“An attempt to destroy Tesla foiled by retail shareholders,” Omar Qazi said in a post on social media platform X after the update from Musk. “Tesla is saved,” said Qazi, who posts from the handle @WholeMarsBlog and has more than 476,000 followers. 

Institutional investors seemed divided on the issue. While some supported Musk’s pay, others such as California Public Employees’ Retirement System and proxy firms Glass Lewis and Institutional Shareholder Services urged shareholders to reject the pay package, calling the compensation excessive. 

“When both the institutions and the proxy advisory firms are leaning in one direction, it’s very rare for the vote to come out the other way,” John Lawrence, a partner at law firm Baker Botts, told Reuters. “It shows in this case the company’s understanding of the power of social media.” 

Backing from retail investors along with support from some big institutions was key to turning the vote in Musk’s favor, a source familiar with the preliminary tally told Reuters. 

Musk enjoys a global fan base for transforming Tesla from a startup to a multibillion-dollar behemoth and for innovation at his other companies including rocket maker SpaceX. But standing up to powerhouse investors who voted “no” on the pay package required more than just a fan base. 

Social media has been abuzz for weeks with many users, such as Alexandra Merz, who posts on platform X as @TeslaBoomerMama, calling on people to vote. The efforts prompted some non-U.S. banks and brokerages to allow Tesla investors to vote, which was not previously the case.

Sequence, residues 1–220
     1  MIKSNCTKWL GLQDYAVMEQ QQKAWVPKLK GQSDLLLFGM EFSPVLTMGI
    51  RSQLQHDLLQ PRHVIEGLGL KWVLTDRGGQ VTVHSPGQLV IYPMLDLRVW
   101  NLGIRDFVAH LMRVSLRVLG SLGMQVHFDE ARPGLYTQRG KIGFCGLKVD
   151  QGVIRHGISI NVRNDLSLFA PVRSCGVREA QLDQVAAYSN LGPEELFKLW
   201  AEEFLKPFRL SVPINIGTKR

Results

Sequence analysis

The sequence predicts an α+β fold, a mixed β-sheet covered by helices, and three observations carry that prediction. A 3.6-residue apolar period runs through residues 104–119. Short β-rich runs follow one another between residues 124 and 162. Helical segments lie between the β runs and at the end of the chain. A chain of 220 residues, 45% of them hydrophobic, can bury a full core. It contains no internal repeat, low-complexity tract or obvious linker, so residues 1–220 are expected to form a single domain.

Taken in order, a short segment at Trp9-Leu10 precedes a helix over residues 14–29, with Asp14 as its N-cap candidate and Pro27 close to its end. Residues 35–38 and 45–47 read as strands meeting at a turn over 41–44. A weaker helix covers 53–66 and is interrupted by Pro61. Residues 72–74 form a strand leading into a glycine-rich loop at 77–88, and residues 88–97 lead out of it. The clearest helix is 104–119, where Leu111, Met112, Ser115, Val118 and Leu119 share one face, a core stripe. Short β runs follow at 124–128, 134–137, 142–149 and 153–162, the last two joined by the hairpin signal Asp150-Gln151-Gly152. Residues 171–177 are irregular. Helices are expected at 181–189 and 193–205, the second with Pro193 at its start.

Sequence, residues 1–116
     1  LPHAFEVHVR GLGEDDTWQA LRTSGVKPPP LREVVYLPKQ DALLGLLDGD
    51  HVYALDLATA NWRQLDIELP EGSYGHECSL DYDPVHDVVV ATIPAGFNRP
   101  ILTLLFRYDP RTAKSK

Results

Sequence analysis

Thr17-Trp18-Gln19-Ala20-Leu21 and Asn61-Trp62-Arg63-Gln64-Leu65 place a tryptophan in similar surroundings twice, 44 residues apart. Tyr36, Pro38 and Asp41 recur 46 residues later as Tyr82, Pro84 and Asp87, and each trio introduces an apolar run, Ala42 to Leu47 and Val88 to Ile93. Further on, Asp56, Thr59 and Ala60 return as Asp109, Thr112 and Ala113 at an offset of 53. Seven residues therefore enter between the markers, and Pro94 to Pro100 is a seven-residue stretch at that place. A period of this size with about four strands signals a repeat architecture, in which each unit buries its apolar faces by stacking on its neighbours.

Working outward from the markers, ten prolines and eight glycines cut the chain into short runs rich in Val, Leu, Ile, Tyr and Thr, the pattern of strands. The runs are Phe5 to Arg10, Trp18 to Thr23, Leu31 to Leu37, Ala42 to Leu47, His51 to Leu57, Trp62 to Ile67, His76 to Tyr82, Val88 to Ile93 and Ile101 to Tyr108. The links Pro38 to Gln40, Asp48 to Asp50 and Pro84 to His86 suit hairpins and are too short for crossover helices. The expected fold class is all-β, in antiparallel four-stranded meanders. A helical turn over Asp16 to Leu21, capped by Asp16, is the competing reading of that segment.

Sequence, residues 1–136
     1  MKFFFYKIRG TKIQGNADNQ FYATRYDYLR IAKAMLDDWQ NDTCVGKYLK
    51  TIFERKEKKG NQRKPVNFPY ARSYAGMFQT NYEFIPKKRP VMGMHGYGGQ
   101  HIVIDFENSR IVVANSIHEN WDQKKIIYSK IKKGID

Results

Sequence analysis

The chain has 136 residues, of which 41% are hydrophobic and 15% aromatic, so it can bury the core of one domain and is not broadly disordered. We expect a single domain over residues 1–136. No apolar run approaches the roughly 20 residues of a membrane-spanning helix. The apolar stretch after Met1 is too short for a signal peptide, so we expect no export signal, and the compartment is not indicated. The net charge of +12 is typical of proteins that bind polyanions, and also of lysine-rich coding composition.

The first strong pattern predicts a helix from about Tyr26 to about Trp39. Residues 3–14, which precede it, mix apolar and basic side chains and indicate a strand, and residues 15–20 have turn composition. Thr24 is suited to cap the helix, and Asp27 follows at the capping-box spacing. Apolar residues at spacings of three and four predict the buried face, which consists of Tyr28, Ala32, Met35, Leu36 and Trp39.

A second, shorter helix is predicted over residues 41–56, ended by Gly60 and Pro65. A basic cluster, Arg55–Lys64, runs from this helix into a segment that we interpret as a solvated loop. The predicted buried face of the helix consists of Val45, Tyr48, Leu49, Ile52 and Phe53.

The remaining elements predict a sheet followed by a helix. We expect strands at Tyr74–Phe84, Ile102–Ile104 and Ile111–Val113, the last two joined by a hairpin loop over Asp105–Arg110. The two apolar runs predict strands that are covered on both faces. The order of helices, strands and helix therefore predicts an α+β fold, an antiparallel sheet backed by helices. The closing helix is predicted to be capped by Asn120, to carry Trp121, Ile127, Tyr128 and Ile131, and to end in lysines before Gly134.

“Don’t mess with Tesla Retail Shareholders,” Merz posted on Thursday, thanking people who voted. “Your votes will help to remedy a true injustice.” 

Musk himself has also been actively wooing their support with regular social media posts. He had set up a separate website to educate investors on the proposals, which also included reincorporating the company in Texas, and on how to vote. 

The company’s board sent regular letters to shareholders highlighting Musk’s importance in Tesla and alluding to the risks of losing his interest if the pay package was rejected. Musk even offered tours of Tesla’s factory to certain investors who vote. 

The plan worked. About 90% of the retail investors who voted were in favor, Musk said in a post on X over the weekend. 

The approval is critical as Musk faces an uphill legal fight to convince the Delaware judge who said the Tesla board was “beholden” to him, while Tesla is also potentially fielding fresh lawsuits over the latest vote. Still, small investors assured their continued support. 

“Shareholders have spoken, again, and hopefully now our votes can officially count,” X user Alicia said in a post. “@elonmusk, we’ve always believed in you and will continue to do so. We have your back!”